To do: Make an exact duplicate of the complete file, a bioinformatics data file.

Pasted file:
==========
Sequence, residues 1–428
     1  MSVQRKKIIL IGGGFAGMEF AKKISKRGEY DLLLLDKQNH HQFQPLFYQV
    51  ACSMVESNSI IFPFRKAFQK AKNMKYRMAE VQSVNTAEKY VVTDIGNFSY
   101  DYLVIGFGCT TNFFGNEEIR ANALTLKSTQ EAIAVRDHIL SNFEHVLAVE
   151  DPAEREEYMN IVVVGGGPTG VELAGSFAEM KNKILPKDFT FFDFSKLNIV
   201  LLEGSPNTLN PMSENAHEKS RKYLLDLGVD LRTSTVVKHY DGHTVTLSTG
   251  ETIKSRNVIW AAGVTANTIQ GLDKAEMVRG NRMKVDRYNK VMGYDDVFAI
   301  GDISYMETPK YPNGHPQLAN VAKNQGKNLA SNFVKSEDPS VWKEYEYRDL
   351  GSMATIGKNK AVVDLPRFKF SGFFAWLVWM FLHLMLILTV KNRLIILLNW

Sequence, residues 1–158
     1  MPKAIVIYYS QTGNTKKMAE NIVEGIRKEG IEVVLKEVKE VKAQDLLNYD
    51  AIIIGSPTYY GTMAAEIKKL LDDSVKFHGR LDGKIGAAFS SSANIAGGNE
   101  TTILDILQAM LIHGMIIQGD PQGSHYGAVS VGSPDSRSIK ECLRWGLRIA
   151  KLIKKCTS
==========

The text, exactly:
Sequence, residues 1–428
     1  MSVQRKKIIL IGGGFAGMEF AKKISKRGEY DLLLLDKQNH HQFQPLFYQV
    51  ACSMVESNSI IFPFRKAFQK AKNMKYRMAE VQSVNTAEKY VVTDIGNFSY
   101  DYLVIGFGCT TNFFGNEEIR ANALTLKSTQ EAIAVRDHIL SNFEHVLAVE
   151  DPAEREEYMN IVVVGGGPTG VELAGSFAEM KNKILPKDFT FFDFSKLNIV
   201  LLEGSPNTLN PMSENAHEKS RKYLLDLGVD LRTSTVVKHY DGHTVTLSTG
   251  ETIKSRNVIW AAGVTANTIQ GLDKAEMVRG NRMKVDRYNK VMGYDDVFAI
   301  GDISYMETPK YPNGHPQLAN VAKNQGKNLA SNFVKSEDPS VWKEYEYRDL
   351  GSMATIGKNK AVVDLPRFKF SGFFAWLVWM FLHLMLILTV KNRLIILLNW

Sequence, residues 1–158
     1  MPKAIVIYYS QTGNTKKMAE NIVEGIRKEG IEVVLKEVKE VKAQDLLNYD
    51  AIIIGSPTYY GTMAAEIKKL LDDSVKFHGR LDGKIGAAFS SSANIAGGNE
   101  TTILDILQAM LIHGMIIQGD PQGSHYGAVS VGSPDSRSIK ECLRWGLRIA
   151  KLIKKCTS